The football players rushed the field to celebrate their first national championship, gleefully pointing their index fingers in the air.
The story rocked Bowling Green in the fall of 2002, with fans showing their pride in the beloved Hilltoppers.
It was also the first season that junior outfielder Antone Towns spent away from football.
Towns was a two-sport phenomenon at Western for two seasons, as a quarterback for the football team and a hard-hitting outfielder in baseball.
But after playing two games in the 2002 football season, Towns decided to stop his football career and focus on baseball, his first love.
“It came down to what I liked more,” Towns said. “I liked both sports, don’t get me wrong, but at the time, I was thinking, ‘Here I am in football trying to get a role on the team and work on winning a starting position, and I already have a job on the baseball field.'”
Coming from an athletic background, it was inevitable that Towns’ athleticism would be noticed. His father, Tony, was a three-year letterman as a defensive lineman for Western from 1976-78. His mother, the former Angie Bradley, was an All-American in long jump in 1980 and was inducted in the Track and Field Hall of Fame in 1987.
His parents wanted him to be involved in physical activity, so Angie took him to the YMCA at age 5, and that’s when he began to play baseball.
“Before you knew it, I ended up liking it and did well in it and pursued it,” Towns said. “Then my dad asked me if I wanted to play football. Next thing you know, I picked up a football at age 10.”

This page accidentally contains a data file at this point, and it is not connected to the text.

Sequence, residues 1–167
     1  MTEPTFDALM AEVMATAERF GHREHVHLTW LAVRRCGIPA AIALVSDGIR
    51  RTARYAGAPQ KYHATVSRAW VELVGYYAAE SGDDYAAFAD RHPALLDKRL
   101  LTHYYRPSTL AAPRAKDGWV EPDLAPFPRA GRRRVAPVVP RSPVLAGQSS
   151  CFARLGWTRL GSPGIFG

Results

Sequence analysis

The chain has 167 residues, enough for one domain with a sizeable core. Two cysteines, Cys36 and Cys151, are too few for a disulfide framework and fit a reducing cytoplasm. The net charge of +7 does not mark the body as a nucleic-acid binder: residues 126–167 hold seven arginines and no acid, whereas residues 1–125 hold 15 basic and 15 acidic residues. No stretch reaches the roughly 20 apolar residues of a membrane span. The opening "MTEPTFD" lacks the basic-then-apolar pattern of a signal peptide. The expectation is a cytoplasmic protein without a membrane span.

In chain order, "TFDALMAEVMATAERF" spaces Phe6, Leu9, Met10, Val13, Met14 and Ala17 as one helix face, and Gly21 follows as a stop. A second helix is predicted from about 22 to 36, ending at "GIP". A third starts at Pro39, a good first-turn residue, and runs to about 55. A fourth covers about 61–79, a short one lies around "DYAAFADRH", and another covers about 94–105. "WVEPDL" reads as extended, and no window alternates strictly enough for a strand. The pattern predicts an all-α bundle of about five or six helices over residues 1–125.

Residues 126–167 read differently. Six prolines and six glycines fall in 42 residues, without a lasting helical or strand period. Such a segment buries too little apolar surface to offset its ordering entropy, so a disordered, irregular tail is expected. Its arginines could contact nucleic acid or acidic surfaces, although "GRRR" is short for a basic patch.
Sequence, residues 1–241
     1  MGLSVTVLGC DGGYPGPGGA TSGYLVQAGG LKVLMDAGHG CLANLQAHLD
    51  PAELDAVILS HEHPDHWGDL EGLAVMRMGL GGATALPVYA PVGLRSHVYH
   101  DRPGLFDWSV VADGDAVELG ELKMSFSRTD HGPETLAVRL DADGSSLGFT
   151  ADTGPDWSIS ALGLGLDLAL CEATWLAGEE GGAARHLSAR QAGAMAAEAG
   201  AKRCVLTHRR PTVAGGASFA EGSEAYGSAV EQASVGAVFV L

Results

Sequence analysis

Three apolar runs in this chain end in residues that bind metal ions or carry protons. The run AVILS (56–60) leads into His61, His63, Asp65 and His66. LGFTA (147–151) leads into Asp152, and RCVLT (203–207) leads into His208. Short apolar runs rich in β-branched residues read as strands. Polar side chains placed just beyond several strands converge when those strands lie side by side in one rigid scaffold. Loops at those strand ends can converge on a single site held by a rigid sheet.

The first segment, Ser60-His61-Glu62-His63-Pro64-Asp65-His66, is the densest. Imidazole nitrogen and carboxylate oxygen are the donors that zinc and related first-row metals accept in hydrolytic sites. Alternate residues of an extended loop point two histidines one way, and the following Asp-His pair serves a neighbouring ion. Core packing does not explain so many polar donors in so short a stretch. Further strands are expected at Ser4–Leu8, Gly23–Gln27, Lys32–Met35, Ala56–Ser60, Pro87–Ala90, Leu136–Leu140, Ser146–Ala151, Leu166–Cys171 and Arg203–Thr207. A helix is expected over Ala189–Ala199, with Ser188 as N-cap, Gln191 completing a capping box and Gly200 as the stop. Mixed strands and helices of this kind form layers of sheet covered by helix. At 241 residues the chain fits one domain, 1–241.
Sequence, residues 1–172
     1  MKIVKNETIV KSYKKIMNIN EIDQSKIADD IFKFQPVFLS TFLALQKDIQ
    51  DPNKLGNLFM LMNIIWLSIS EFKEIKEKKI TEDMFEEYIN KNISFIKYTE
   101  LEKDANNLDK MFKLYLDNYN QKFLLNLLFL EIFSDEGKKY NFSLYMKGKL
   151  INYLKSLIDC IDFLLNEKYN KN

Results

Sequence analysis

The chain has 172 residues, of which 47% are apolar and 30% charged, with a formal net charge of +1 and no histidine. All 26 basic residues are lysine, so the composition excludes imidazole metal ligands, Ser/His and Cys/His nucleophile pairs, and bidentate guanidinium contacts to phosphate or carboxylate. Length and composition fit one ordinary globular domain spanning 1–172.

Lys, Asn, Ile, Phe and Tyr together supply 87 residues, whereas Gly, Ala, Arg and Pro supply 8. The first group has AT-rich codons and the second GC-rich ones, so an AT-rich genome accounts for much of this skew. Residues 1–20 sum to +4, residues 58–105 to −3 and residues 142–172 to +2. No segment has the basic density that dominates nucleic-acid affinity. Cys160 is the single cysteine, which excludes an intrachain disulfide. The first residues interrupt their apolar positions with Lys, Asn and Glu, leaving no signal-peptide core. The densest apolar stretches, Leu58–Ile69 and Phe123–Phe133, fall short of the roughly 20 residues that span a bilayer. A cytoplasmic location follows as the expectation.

That’s when he began to balance two sports at once.
The beginning of a super athlete
In eighth grade, Towns was leading the offense at Hikes Point, one of the best little league teams in Louisville. Towns’ throwing ability and strength was something unmatched by other kids his age, and that definitely got the high school coaches’ attention.
Towns saw that the coaches were interested in him playing on a high school level. But duPont Manual High School was the high school that stuck out the most, and that’s where he and a few of his Hikes Point friends decided to go.
“Manual was a good school in academics and we all agreed to go to that school to bring up the football program there that wasn’t well-known,” Towns said.
Freshman year was the only year that Towns did not see playing time on the team. His senior year, he helped lead the Crimson football team to a berth in the 2000 Kentucky state playoffs.
That following spring, he earned all-region honors as an outfielder on the baseball team.
Having the ability to excel in two sports wasn’t an easy burden for Towns.
Tennessee and Kentucky both made offers for him to play baseball only, and Louisville offered him a partial scholarship on the football team and said he could play as a walk-on for the baseball team.
But he wanted to play both.
Only one school offered him a chance to play football and baseball – Western.
He came to the Hill with his parents on his official visit. His parents interacted with the people who coached them while they were students.
“I felt really comfortable being around some of the people that’s been around since they’ve been here,” Towns said. “Once I came to college I realized I had to work hard in order to play on the field.”
Towns knew that coming in as a freshman on the football team he was going to be redshirted to learn the team offense better.
While he sat out from the pigskin, Towns picked up on his aluminum game at the baseball diamond in the spring.
It was a tough adjustment to the baseball team because Towns didn’t spend much practice time with them.